It’s no surprise that Saskatoon is rocking a refreshingly youthful vibe. It’s the youngest city in the country according to Statistics Canada, with a median age hovering around 35—not to mention ample creative energy and entrepreneurial vigor. From chefs to shoemakers, thirtysomething-year-old business owners are non-conforming and breaking industry conventions. Combine that with Saskatoon’s thriving arts scene and you’ve got a city that’s smashing all stereotypes.
WHAT TO DO
The Saskatchewan Jazz Festival (June 23 to July 2, 2017) is one of Canada’s most underrated music festivals. Artistic director Kevin Tobin is the mastermind behind the event’s innovative program, which expands beyond jazz to include hip-hop, folk, soul and more. Recent years have seen Feist, Janelle Monae and Wyclef Jean grace the mainstage at the Delta Bessborough gardens. This year, Poncho Sanchez, Jesse Cook, Lauryn Hill and Metric are slated to play to (more than likely) sell-out crowds.
It may take some coordination, but the work is worth the effort to paddle board down the South Saskatchewan River. Rent boards and lifejackets at Escape Sports, located across the street from the Saskatoon Farmers’ Market, then drive 10 kilometres northeast to Whiteswan Drive to access the river. From there you can enjoy the eight-kilometre, two-hour journey downstream to the 20th Street bridge. A less strenuous way to discover the waterway is to board a riverboat cruise: The Prairie Lily offers daily afternoon and evening voyages.
Saskatoon has also become a hotbed of phenomenal produce thanks to the University of Saskatchewan’s leading agriculture and agribusiness program. Head to the Saskatoon Farmers’ Market to stock up on tasty goods for your pantry. Among the best local finds? A Nokomis Craft Ale growler, artisan cheese from Herschel Hills and sea buckthorn berries from Northern Vigor Berries.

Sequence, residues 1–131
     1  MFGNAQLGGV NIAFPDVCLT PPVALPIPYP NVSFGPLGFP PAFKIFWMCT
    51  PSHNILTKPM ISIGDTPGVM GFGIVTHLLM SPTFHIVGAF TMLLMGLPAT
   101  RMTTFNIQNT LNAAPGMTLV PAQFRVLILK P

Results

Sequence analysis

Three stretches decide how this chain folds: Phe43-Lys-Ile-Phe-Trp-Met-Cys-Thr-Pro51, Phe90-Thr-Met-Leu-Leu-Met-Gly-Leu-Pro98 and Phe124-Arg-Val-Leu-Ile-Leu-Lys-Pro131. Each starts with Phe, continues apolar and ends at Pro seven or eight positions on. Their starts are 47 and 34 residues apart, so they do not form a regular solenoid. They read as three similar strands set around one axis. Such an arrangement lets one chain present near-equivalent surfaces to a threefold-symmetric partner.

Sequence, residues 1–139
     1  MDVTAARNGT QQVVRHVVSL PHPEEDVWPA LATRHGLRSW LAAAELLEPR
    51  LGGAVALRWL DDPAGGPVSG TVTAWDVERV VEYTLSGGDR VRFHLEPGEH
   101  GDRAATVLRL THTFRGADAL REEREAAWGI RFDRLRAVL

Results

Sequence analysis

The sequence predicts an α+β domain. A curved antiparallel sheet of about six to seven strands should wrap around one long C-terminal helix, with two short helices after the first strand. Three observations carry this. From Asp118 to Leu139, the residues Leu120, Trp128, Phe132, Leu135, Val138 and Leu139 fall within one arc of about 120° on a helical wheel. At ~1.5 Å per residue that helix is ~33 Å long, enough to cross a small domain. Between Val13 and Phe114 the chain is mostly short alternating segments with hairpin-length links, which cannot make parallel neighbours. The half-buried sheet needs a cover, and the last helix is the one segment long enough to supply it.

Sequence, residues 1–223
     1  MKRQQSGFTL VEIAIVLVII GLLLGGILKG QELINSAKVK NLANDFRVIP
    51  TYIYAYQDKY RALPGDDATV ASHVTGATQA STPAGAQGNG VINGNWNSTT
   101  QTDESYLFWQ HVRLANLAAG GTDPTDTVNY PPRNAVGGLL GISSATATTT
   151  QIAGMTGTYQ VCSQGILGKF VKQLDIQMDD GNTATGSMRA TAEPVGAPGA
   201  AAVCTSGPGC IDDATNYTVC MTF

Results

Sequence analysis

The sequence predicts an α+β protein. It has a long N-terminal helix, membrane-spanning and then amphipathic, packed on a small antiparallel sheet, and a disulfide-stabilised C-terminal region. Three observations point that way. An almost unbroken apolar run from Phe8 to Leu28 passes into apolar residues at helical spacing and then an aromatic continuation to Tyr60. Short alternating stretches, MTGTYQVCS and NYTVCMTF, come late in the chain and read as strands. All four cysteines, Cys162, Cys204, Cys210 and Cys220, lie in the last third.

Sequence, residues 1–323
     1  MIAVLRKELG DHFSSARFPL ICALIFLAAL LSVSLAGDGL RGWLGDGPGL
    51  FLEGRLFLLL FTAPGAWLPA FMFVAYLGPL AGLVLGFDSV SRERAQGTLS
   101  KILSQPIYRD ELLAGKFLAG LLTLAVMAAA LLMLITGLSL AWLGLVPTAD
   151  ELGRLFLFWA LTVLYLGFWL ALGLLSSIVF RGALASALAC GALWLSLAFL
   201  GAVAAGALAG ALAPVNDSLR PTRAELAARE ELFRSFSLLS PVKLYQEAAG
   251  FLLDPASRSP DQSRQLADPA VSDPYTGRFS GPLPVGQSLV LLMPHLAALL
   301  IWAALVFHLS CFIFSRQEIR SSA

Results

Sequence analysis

WHERE TO EAT & SHOP
Saskatoon’s Riversdale neighbourhood is going through a bit of transformation right now. Pawn shops and mechanics are being replaced by independent cafés and entrepreneur-led co-working spaces. Among the shopping options, Hazlewood is a can’t-miss destination for vintage finds. Owner Michaela Michael has expertly curated a collection of reasonably priced denim shirts, bike jackets, ankle boots and jeans. Get measured at Hazlewood for a pair of bespoke Oxfords from Last Shoes: Shoemaker Adam Finn started his pop-up business back in 2012 and has earned a loyal following of hipsters.
Saskatoon’s culinary renaissance started at Ayden Kitchen & Bar with memorable dishes like Thai wings, aged rib eye steak and baked Diefenbaker trout. Dale MacKay, the acclaimed chef behind Ayden, recently opened his second venture, Little Grouse on the Prairie, which offers similarly fantastic fare but with an Italian twist. For Sunday brunch, hit up The Hollows for the breakfast poutine—fries, curds, chicken gravy, a poached egg and bacon lardons.
WHERE TO STAY
Few places hold a candle to the cocktail lounge at The James Hotel. The ultra-chill 20-seat room is the perfect place to pretend you’re as cool as Kim Kardashian and Kanye West. Every Friday, a DJ spins vinyl for the boutique hotel’s guests—though the tunes are turned down low so you can still have a conversation while sipping cocktails. The Delta Bessborough, Saskatoon’s legendary railway hotel, is also an excellent choice downtown. Its lush private grounds back onto the South Saskatchewan River and are great for a stroll.
Give yourself about six hours to drive from Alberta to Saskatoon. Much of the journey takes you through smaller prairie towns. Consider upgrading to a Plus or higher membership, which allows for extended towing distances, free passport photos, free fuel and deliver and even-more trip collision reimbursement. And don’t forget you can pay for your membership monthly for as little as $9 a month.